Lime (Linden) Flowers Tilia species
There are 3 species of Linden (Lime) in the UK; small-leaved, large-leaved and common. All Linden (Lime) flowers can be used but small-leaved (Tilia cordata) have the best; being the most fragrant. Linden tea has been enjoyed for centuries but is more popular in France where it is known as tilleul tea. In addition to the flowers, the leaves are edible when they are young and pale green and can be used in salads.
What to look for:
Linden trees all have glossy heart shaped leaves which emerge in late spring. The pale yellow /green flowers have a distinctive wing like bract-leaf on the flower stem and a sweet honey fragrance. The flowers are much sought by bees and Lime flower honey is regarded as being amongst the best in the world.
Where to find it:
Often planted in avenues and alongside roads in towns. They can also be found in parks, hedgerows and car parks.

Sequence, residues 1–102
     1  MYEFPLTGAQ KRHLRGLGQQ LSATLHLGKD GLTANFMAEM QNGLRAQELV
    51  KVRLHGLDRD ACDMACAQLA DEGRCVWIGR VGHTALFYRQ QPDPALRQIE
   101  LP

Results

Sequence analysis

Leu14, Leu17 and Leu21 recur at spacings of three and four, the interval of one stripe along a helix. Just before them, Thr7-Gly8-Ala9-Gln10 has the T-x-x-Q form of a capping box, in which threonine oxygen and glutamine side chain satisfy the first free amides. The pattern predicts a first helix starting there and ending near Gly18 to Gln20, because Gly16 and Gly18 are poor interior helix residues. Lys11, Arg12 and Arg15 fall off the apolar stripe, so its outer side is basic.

When is it about:
The leaves are best enjoyed in early May. The flowers can be found from mid June until the end of July.
Linden Flower Tea
A small handful of dried Linden (Lime) flowers per person
Slice of lemon or a little honey (optional)
The flowers (including the bracts) should be gathered while in full bloom and laid out to dry in a flat basket or tray in a warm place (but out of the sun) for a week or so before use. When dry store in a caddy or glass jar away from strong sunlight.
Pour hot water (80C – 90C) onto the lime flowers. Infuse for 5 – 10 minutes, strain and serve.
Add a slice of lemon or honey (or both!) if desired.
Lime tea has a lovely, honey scented flavour and is said to be relaxing and to have a mild soporific effect.
Folk tales tell of the danger of falling asleep under a Linden tree in full bloom; those foolish enough to do so (as the story goes) might never wake up!
Note: Do not eat any wild foods unless you are 100% certain about your identification.